Figure 13.8: For a Marker Icon, insert a Font Awesome free and solid icon name such as fa-ambulance (on the right), or any Material Icon name such as accessible (on the left).

The next set of columns include items that appear when users click on point markers:

  • Name: Add a title to display in the marker pop-up window.
  • Description: Add text to appear in the marker pop-up window. You may insert HTML tags to add line breaks (such as <br>), or to open external links in a new tab, such as <a href='https://www.w3schools.com/' target='_blank'>Visit W3Schools</a>. Learn about HTML syntax at W3Schools.
  • Image: You have two options to display images. You can insert an external link to an image hosted by an online service (such as Flickr), as long as it begins with https (secure) and ends with either .jpg or .png. Or you can upload an image into the media subfolder in your GitHub repo, as shown in Figure 13.9, and enter the pathname in the Google Sheet in this format: media/image.jpg or ...png.
In GitHub, click to open the media folder and Add file - Upload files.

Figure 13.9: In GitHub, click to open the media folder and Add file - Upload files.

Warning: Media file pathnames are case-sensitive, and we recommend using all lowercase characters, including the suffix ending. Also, since the code template automatically resizes images to fit, we recommend that you reduce the size of any images to 600x400 pixels or less prior to uploading, to make sure your map operates smoothly.

  • Location, Latitude, Longitude: These place your markers at points on the map. Although the code template only requires Latitude and Longitude, it’s wise to paste an address or place name into the Location column as a reminder to correspond with the numerical coordinates. Use the Geocoding by SmartMonkey Add-on from Chapter 3 and select Add-ons > Geocoding by SmartMonkey > Geocode Details to create a new sheet with sample data and display results for three new columns: Latitude, Longitude, and Address found, as shown in Figure 13.10. Paste in your own address data and repeat the step above to geocode it, then copy and paste the results into your Points sheet.
Select Add-ons–Geocoding by SmartMonkey–Geocode Details to display sample data with results for three new columns: Latitude, Longitude, and Address found.

Figure 13.10: Select Add-ons–Geocoding by SmartMonkey–Geocode Details to display sample data with results for three new columns: Latitude, Longitude, and Address found.

Optional table of viewable markers: To display an interactive table at the bottom of your map, as shown in Figure 13.11. In the Options tab, set Display Table (cell B30) to On. You can also adjust the Table Height, and modify the display of Table Columns by entering the column headers, separated with commas.

Optional: display interactive table of viewable markers at the bottom of your map.

Figure 13.11: Optional: display interactive table of viewable markers at the bottom of your map.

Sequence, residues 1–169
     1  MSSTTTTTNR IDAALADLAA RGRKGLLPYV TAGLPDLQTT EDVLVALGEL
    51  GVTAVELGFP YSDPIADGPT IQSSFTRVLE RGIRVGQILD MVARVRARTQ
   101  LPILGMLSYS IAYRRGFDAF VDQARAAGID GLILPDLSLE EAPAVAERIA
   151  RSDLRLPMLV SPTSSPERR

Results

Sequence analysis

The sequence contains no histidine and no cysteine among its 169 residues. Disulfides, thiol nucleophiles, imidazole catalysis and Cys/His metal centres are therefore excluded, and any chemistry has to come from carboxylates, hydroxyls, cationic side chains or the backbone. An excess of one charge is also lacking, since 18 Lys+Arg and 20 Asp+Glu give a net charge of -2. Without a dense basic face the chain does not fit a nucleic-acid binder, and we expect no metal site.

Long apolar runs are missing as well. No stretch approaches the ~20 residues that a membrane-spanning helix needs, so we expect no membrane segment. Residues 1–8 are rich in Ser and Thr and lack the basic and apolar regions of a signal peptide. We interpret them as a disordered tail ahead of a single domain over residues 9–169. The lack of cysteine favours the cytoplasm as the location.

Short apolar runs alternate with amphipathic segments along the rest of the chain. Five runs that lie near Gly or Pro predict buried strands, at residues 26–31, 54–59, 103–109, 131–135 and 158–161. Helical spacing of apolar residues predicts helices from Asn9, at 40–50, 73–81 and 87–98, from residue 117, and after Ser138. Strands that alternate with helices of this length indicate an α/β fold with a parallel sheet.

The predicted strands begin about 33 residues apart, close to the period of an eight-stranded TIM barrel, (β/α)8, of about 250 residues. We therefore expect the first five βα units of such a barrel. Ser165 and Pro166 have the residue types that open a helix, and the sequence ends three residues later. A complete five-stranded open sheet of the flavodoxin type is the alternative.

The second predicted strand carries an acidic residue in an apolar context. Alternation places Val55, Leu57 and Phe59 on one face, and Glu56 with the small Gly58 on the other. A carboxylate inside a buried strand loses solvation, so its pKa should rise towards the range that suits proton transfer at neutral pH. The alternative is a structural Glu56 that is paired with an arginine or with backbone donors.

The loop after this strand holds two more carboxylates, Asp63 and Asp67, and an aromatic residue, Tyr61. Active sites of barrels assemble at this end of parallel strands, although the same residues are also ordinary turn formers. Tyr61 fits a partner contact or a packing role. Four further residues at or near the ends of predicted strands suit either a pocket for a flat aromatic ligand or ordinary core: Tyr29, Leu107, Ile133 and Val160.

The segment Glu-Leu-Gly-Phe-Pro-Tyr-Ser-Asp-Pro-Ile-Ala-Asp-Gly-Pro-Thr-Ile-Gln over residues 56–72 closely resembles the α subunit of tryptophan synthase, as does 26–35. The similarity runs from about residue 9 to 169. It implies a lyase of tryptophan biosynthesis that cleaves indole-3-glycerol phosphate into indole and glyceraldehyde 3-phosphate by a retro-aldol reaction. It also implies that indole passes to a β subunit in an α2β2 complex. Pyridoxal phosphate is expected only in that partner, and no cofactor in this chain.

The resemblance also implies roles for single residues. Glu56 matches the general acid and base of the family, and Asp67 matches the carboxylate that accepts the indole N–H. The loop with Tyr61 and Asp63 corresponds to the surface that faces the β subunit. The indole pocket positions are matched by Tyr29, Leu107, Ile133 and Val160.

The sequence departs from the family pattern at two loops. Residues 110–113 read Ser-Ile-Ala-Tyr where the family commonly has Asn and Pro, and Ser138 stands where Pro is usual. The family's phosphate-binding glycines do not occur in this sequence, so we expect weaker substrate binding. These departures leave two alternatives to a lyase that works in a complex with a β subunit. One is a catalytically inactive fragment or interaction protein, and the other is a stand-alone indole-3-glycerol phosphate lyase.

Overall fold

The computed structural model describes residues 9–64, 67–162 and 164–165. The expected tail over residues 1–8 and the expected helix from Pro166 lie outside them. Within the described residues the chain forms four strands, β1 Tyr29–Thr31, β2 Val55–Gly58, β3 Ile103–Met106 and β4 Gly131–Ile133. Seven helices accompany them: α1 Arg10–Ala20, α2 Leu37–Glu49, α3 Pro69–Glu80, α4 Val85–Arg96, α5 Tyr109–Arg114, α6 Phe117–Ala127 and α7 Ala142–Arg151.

Optional custom markers: To create your own custom marker, such as a thumbnail photo icon as shown in Figure 13.12, use any image editing tool to reduce a photo to a square of 64 x 64 pixels. Save it in PNG format and choose a filename using all lower-case characters with no spaces. Upload the image to the media folder in your GitHub repo as described above. In the Marker Icon column, enter the file pathname in this format: media/imagename-small.png. In the Custom Size column, set the dimensions to 64x64 or similar, such as 40x40 if desired.

Optional: create and upload custom thumbnail map markers.

Figure 13.12: Optional: create and upload custom thumbnail map markers.

Open the browser tab that displays your live map and refresh the page to see your changes. If your changes do not appear within a few seconds, see the Fix Common Problems section of the appendix.

F) Remove or display point, polygon, or polylines data and legends

By default, the demo map displays three types of data—points, polygons, and polylines—and their legends. You can remove any of these from your map by modifying your linked Google Sheet:

To remove points:

  • In the Options tab, set Point Legend Position (cell B27) to Off to hide it.
  • In the Points tab, delete all rows of point data.

To remove polylines:

  • In the Options tab, set Polyline Legend Position (cell B36) to Off to hide it.
  • In the Polylines tab, delete all rows of polyline data.

To remove polygons:

  • In the Polygons tab, set Polygon Legend Position (cell B4) to Off to hide it.
  • Also in the Polygons tab, set Polygon GeoJSON URL (cell B6) to remove that data from your map.
  • In the next tab Polygons1, use the tab drop-down menu to select Delete to remove the entire sheet.

You’ve already learned how to add more markers in the Points tab as described above. But if you wish to add new polygon or polyline data, you’ll need to prepare those files in GeoJSON format using either the GeoJson.io tool tutorial or the MapShaper tool tutorial as described in Chapter 14.